But the food itself was good, with a few complaints. First up: breakfast. There just was no option that I liked for breakfast. Whenever we got that meal, I felt like I was using my dining plan poorly. In the future, I think I’ll bring some bagels or cereal or granola to munch on until I eat an early lunch and a late dinner. There’s only so many times I can do pancakes/waffles/eggs/sausage. I’m not a breakfast guy. Second was the kid options. The adult meals had tons of variety. The kids had the same choices, time after time. Grapes. Carrots. Apples. Cookie. Sandwich. Snoozeville. DC was not impressed, and stopped eating. (A daughter after her mother’s heart.) Mix it up a bit, Disney!

That said, I clearly enjoyed the food. I gained 7 pounds. (Sigh) And now I know more about how it works, so next time will be even better. 🙂 I’d say the Dining Plan was definitely worth it–mainly because it was free. It avoided tons of hassle, let us explore new restaurants, and made life much much easier. I’ll try to get it next time, too. (Ideally for free, though.) I’d say the food we consumed would likely have cost $1000 out of pocket if we’d paid for everything, but I want to look at that number a bit more carefully to see how accurate it is.

The Parks

Great, as always. We had perfect weather. Low 80s each day. Just hot enough to make you want to go on a few water rides to cool off. We brought ponchos, but we never saw a drip of rain. (A slight misting one day for about 15 minutes, but who’s counting?) The crowds were heavy in EPCOT and Magic Kingdom, but sparse at Hollywood Studios and Animal Kingdom. October really seems like it’s a perfect time to come. The Food & Wine festival at EPCOT was tons of fun–got to eats lots of different food from across the globe. I also took the kids over to DisneyQuest on our down day, and they loved that. All the arcade games you can play. (It helped that the entry fee was included in our package.) Really, the kids seemed to be in nirvana the whole time.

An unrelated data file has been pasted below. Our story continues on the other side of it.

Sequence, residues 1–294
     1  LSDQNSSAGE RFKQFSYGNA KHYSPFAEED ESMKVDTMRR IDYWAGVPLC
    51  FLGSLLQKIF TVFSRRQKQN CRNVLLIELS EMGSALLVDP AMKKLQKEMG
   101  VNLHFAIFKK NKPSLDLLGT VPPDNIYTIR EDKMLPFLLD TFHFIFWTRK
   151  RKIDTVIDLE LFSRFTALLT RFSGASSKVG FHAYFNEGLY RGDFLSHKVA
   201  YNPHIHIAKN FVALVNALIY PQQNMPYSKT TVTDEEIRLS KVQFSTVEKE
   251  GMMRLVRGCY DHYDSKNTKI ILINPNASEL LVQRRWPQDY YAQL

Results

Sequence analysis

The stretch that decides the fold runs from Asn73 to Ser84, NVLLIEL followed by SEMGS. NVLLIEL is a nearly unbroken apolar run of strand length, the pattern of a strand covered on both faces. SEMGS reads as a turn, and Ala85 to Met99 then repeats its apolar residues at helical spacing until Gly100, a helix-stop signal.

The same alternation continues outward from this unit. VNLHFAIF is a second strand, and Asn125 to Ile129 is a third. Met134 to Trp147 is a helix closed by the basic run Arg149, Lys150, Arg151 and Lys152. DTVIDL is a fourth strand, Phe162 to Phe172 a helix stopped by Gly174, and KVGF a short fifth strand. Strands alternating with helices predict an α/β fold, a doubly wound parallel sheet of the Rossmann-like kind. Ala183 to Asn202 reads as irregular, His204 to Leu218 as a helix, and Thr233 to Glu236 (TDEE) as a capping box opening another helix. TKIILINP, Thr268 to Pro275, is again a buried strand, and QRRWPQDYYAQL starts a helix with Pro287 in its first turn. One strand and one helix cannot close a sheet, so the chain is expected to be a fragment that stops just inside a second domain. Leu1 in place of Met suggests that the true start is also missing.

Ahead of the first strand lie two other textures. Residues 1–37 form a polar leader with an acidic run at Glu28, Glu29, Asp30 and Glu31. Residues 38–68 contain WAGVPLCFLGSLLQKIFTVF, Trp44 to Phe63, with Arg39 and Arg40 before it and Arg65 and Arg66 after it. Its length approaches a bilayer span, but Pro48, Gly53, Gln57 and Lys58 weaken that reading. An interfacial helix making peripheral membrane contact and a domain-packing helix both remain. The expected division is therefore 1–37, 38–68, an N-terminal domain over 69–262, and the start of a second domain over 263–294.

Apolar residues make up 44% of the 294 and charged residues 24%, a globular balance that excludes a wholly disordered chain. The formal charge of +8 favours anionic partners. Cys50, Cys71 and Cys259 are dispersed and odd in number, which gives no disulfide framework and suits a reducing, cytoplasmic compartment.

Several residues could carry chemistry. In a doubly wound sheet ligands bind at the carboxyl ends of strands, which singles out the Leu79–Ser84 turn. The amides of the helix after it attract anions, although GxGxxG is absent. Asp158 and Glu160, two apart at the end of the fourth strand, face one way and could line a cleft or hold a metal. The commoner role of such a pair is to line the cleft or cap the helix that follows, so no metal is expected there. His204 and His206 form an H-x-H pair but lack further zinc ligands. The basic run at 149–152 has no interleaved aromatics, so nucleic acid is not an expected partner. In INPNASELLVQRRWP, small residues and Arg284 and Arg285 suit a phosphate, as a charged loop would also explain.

New Fantasyland in Magic Kingdom was nice, but still very incomplete. The main ride (a Snow White coaster) occupies the middle of the whole thing, and it’s very much under construction, so it was hard for it to feel cohesive.

The Magic Bands were super. Little rubber bracelets you wear–they had your whole ticket attached to them. They were our room key, credit card, park tickets, meal vouchers–everything. And PIN codes are attached, so it’s not like someone could just swipe mine and use it to charge up a storm. I didn’t think they’d be that useful, but they were. Big thumbs up here.

I used RideMax again, and I’m glad I did–even with the smaller crowds. The longest line I waited on was about 10 minutes. It takes a bit of knowhow and some finesse, but it really streamlines the Disney experience. We went on all the rides we wanted to, most of them multiple times.

Would I Do It Again?

You bet. I love me some Disney World. It’s the vacation I went on the most as a kid, and I love being able to do it with my own children. It’s expensive, yes–so it’s nothing I’ll be doing for the next few years–but I love how each time we go with the kids, it’s a different experience. DC went on all the rides, as did TRC. (Well, DC didn’t go on Dinosaur–TRC had warned her of that one. But they both came with me on Tower of Terror, though I think DC about had a heart attack, and didn’t want to go on it again. The girl’s fearless, though. We went on Space Mountain–her first coaster. When I asked her what she thought after, she said, “I prayed.” Then I asked her if she wanted to go again, and her face lit right up. No hesitation there!) Last time we went, our kids were much smaller, and so what we did and didn’t do changed. Next time, it’ll be different again. I love watching my kids grow through the same rides I grew through, if that makes sense.

(That said, I’m definitely starting to feel older. My back and feet just killed at the end of each day. The things I’ll put up with to make sure my kids have a great time . . . )

Great to have another Disney Vacation in the record books, with a slew of great memories and pictures to look back on later.